STEM up your school holidays with fun urban planning activities

Get out into nature these school holidays and tackle a STEM challenge (or 20) – even if it's your garden. Image: Shutterstock

Bored yet? There are heaps of fun STEM activities you can do these school holidays that’ll prep you for Term 4

– by Julie Rudner

If you’re hanging around your neighbourhood a lot more these school holidays, there are still loads of things you can get up to!

The following urban planning activities can be smashed out in the one day – or tackled in between Netflix marathons and TikTok dance-offs. You totally don’t need a computer either!

Think of it like a STEM-style scavenger hunt where you have to hunt things down, take photos and record your findings. Upload your images here.

Inside activities

1. Imagine and research what your neighbourhood would have been like prior to arrival of non-Aboriginal people:

a. Draw a map and pictures of what you think it might have been like;
b. Who lived where you are?
c. Would you have been in a good location e.g. access to water, material, safety etc…
d. What materials would your homes be built from?
e. What would you wear?
f. How would you have dealt with sanitation?
g. What sort of energy would you have used?
h. What would you eat? How would you get access to food?
i. How would you have travelled?
j. What would have been your governance structure?
k. How would any of this change based on season?

2. Using similar questions, try research for other eras e.g. 1850s, 1920s, 1940s…Additional things to think about:

a. When did steam engines emerge? How did they change how me made and transported
materials?
b. When did electricity start? Did everyone have it? What did people use before hand?
c. When did plastic emerge? How did this change the things we do?
d. Where were places of worship, hospitals, schools located? Why?
e. How did this change how people worked?

3. Understanding population growth and density (based on the previous wonderings)

a. Draw a map that includes landforms, water, vegetation and a small population of people e.g 100 individuals
b. Using pencils/pens/textas, and/or coloured paper or other craft things do the following to your map – identify how and where you will accommodation 10,000 people – what services will you need? Where should they be located? Do the same for 50,000 people, then 500,000 and 4,000,000 – do you need to expand your map?  Do you need to draw or build on your earlier work? Do you need to build upward?

4. Find some old photos of your neighbourhood, or look up old newspapers.

If you’re in Melbourne you might find this link really interesting, as it compares a 1945 Melbourne to now. You might find historical maps and plans from Public Record Office that
have been digitally aligned (rectified) to contemporary maps, or try you hand at doing it yourself.

The Public Records Office and State Library of Victoria are awesome resources.

Outside stuff

1. Go out into your own neighbourhood and observe the following – even turn into a photo essay:

a. Housing – location, type, design, height, bulk, colours, materials, density, yard…
b. Transport – pathways, roads: width/number of lanes, quality, connectivity, cross overs…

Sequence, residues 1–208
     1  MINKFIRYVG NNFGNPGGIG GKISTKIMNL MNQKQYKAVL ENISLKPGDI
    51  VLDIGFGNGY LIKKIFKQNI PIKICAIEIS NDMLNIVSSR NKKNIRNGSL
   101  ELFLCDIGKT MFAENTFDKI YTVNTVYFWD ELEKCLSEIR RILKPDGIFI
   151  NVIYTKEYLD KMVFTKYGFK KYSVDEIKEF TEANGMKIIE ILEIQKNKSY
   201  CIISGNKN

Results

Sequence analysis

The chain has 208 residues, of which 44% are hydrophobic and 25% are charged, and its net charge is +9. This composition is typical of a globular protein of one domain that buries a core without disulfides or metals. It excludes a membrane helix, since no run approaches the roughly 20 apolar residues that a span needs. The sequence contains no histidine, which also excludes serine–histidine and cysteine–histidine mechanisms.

c. Infrastructure – drainage, water services, sanitation, electricity, etc
d. Community – centres, services
e. Commercial/Industrial – businesses, services
f. Amenity – shade, seating, views/vistas, public transport shelters…
g. Public spaces – Parks, green spaces and other recreational, restorative areas

2. Think about use of space! 

a. Who uses these spaces? Individuals vs groups? How do they move through the area?
b. Do different cohorts use the space differently and are needs met? e.g. children, teens,
parents with prams, families, older people, ethnicity/culture, people with different abilities
c. What about animals (domestic or wild)? How do they use spaces?
d. Is use different at various times of the day or year?
e. What can be done to make spaces better for different groups of people and for animals
f. How might you ‘improve’ these spaces?

Toolkits and guides are great resources – along with the Great Public Spaces Toolkit  and Guides for Observing Cities and People.

3. Explore the sound around you!

Go out into your own neighbourhood and observe the following – even turn into a soundscape:

a. What does your neighbourhood sound like? People, animals, machinery, wind, rain…
b. How does it change throughout the day?
c. How similar or different is it depending on the number of people who are mobile?
d. Is there a rhythm to the sounds?
e. Do you/could you navigate your way around your neighbourhood by sound only?
f. What would change if you could not hear/not hear?

4. Smell, Scent, Odour – go out into your own neighbourhood and observe the following – even turn into a soundscape:
a. What does your neighbourhood smell like? People, animals, machinery, wind, rain…
b. Is there a pattern to the smells?
c. How does it change throughout the day?
d. How does it change in different seasons?
e. What changes if there is a strong wind?

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STEM Contributor

Author: STEM Contributor

This article was written by a STEM Contributor for Careers with STEM. To learn more, please visit our contact page.

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